Cosby accuser denies framing Cosby or knowing key witness

Andrea Constand plaintiff for the Bill Cosby trial arrives at the Montgomery County Courthouse for the sixth day of his sexual assault retrial

Constand testified that the alleged assault occurred when she went to his home outside Philadelphia in January 2004 to discuss her future and career.

The defense plans to call Jackson as a witness and says she will testify that Constand mused about framing a celebrity before she lodged sexual abuse allegations against Cosby in 2005. The veteran comedian's first court case ended in a mistrial in June 2017, but prosecutors vowed to retry him. At the time, Judge Steven O'Neill ruled Jackson's testimony would be hearsay. Her accusation is the only one recent enough to be the subject of criminal prosecution.

Ms Jackson's testimony was blocked by a judge at last year's initial trial after Ms Constand denied knowing her.

Jackson's availability as a witness for Cosby could be crucial to a defense plan to attack Constand's credibility and get jurors to believe she set Cosby up.

Cosby paid Constand £3.38 million to repay on a civil lawsuit that Constand filed after Pennsylvania prosecutors at 2005 initially declined to charge Cosby to its alleged attack.

Constand also struggled to explain why she had sent emails soliciting funds for a purported Ponzi scheme while at Temple, claiming she didn't know much about the company and had only cut and pasted promises of big returns for a risk-free $65 investment to help a friend.

"Did you ever fabricate a scheme to falsely accuse him for money?"

Constand, a 45-year-old Toronto native, left the witness stand Monday after testifying for seven hours over two days.

Cosby has denied that the accusations, declaring any sexual contact was consensual.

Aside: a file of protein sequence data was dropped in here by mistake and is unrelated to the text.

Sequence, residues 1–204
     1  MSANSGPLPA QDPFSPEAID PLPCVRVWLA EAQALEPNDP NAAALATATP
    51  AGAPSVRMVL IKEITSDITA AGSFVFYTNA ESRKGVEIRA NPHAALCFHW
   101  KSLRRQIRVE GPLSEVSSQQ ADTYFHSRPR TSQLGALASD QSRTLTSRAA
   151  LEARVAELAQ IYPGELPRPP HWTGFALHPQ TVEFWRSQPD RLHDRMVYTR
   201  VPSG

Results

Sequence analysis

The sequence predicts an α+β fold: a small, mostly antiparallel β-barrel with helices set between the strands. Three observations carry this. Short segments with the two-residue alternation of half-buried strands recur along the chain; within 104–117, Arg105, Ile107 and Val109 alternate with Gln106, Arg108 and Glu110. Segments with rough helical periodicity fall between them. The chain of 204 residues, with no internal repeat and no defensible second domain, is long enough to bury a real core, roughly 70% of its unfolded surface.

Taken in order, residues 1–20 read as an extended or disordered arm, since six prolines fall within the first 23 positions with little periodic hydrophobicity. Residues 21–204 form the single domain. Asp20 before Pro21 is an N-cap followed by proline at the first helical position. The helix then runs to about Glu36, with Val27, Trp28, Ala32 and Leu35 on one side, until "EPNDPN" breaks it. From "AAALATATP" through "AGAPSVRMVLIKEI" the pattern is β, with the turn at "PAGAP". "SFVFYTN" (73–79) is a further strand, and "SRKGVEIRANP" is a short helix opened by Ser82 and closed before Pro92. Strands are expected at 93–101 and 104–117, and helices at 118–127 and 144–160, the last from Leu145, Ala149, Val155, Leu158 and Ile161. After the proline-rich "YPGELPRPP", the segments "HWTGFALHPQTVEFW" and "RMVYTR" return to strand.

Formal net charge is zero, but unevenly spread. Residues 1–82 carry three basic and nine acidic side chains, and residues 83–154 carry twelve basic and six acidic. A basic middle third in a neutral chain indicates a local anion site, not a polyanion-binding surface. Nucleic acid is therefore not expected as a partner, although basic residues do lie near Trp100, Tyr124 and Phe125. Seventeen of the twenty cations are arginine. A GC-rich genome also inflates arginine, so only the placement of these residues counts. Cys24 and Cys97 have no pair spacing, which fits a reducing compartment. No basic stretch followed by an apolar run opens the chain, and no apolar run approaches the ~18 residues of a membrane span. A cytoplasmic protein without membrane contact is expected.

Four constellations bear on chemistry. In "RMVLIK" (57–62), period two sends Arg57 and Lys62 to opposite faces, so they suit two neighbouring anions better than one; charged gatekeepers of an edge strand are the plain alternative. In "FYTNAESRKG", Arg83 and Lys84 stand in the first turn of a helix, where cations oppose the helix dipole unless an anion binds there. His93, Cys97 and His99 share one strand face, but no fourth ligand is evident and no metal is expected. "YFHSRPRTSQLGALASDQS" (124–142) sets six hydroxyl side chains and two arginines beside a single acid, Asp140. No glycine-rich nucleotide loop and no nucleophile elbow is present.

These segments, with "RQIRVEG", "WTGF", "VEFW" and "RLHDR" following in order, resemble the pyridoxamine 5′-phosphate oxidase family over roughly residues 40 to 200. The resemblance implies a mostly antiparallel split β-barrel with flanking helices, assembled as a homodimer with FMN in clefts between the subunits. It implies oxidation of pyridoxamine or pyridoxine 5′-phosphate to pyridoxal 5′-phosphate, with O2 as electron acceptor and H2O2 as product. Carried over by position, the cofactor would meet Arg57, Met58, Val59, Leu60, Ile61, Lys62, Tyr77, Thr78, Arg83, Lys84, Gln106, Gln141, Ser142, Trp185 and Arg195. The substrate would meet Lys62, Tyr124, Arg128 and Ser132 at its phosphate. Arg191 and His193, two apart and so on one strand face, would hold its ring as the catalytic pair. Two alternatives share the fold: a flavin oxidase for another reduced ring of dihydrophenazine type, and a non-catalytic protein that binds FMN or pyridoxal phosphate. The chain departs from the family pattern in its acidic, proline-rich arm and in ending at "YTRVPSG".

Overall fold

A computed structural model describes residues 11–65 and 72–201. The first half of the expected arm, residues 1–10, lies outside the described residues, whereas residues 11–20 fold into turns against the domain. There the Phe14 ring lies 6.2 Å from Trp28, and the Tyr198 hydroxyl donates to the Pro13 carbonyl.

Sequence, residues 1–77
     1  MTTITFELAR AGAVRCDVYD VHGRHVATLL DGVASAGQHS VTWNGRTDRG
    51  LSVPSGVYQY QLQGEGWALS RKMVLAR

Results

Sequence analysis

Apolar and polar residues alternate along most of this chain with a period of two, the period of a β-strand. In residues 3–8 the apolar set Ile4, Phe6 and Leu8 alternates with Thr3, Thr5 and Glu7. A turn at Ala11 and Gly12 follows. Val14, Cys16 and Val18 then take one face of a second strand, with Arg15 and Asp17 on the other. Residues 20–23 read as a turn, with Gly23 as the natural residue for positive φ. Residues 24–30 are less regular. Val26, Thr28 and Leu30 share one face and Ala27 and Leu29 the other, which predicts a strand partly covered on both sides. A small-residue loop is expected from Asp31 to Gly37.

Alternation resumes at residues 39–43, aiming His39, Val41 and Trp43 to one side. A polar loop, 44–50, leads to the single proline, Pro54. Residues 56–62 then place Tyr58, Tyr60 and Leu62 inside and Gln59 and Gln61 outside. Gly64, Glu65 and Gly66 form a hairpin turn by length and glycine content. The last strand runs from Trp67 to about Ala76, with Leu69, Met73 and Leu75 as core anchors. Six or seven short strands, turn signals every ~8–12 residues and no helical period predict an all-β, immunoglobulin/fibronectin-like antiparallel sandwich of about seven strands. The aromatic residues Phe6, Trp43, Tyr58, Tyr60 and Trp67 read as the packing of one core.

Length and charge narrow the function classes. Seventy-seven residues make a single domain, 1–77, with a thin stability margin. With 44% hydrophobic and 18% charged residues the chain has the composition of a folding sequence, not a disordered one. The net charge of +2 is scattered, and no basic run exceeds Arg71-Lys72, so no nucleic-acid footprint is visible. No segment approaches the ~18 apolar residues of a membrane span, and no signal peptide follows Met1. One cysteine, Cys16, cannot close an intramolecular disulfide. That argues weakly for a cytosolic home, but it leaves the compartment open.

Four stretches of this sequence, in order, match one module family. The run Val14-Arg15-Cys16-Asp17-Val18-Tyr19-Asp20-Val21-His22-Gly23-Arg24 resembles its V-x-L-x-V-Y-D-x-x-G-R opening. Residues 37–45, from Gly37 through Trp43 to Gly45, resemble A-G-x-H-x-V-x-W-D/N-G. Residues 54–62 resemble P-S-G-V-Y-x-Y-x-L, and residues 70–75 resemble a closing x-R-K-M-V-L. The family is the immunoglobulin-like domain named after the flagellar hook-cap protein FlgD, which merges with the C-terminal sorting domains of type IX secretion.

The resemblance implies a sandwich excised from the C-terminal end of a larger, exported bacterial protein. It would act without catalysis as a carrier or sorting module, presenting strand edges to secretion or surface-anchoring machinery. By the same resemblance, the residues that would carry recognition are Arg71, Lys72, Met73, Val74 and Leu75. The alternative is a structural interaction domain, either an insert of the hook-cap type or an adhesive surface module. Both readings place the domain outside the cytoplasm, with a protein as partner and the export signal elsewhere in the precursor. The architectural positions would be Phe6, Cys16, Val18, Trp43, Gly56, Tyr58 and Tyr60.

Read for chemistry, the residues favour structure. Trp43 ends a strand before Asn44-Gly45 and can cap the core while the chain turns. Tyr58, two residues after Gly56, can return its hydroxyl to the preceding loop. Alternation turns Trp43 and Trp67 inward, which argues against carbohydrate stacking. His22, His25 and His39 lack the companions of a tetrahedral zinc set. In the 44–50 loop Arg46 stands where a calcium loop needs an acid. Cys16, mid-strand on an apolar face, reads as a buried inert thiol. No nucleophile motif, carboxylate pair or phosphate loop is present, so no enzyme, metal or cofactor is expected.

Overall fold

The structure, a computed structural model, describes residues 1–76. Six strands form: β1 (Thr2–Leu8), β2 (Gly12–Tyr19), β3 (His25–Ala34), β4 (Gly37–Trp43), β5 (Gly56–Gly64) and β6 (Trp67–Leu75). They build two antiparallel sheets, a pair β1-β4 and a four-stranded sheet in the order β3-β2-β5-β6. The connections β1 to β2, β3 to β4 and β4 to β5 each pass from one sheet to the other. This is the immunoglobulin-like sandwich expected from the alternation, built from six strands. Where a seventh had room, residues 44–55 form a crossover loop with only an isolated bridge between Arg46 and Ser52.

But sparks flew between her mother, Gianna Constand, and Cosby's defense attorney, Kathleen Bliss, Monday afternoon.

Gianna Constand testified that she is very close with her daughter and spoke to Andrea Constand frequently during her 18 months employed by Temple.

Gianna Constand says that during the phone call, Cosby acknowledged he gave Andrea Constand a prescription medication and then graphically described their sexual encounter.

"I mentioned that I wasn't here for that, and he respectfully stopped and we never talked about it again", Constand said of that incident.

On Monday, the defence tried to cast Constand as an opportunist who baited Cosby by feigning romantic interest in him.

Mesereau also pointed out that Constand made phone calls to Cosby after the alleged assault, including on Valentine's Day.

At last year's trial, Cosby's lawyers suggested that Constand and the former Cosby Show star were lovers who'd been intimate with each other in the past. And she said her phone calls to Cosby were about basketball and had nothing to do with romance. Constand said the call came as part of her professional duties with the Temple University women's basketball team.

"The next thing I recall is, um, I was kind of jolted awake, and felt Mr. Cosby on the couch beside me, behind me, and my vagina was being penetrated quite forcefully", Constand testified.

Constand testified she remembers hearing Jackson's name but does not remember having a conversation with her.

Mesereau, in his cross-examination of Constand, asked her about inconsistencies in her statements to police about the alleged assault.

Constand explained that she may have been mistaken, that there were times Cosby told her in advance that the gate would be open and that she often reached him at another number.

But Mesereau, who's best known for winning Michael Jackson an acquittal in his 2005 child molestation case, was incredulous as Constand denied being aware that Cosby was sexually attracted to her - even after he touched her thigh on one occasion and tried unbuttoning her trousers on another.

In this case, Cosby's defense attorney Tom Mesereau has argued that Constand was a "con artist" who was obsessed with Cosby's money and fame.

If convicted, Cosby could get up to 10 years in prison on each of three charges of aggravated The Associated Press does not typically identify people who say they are victims of sexual assault unless they grant permission, which Constand has done.

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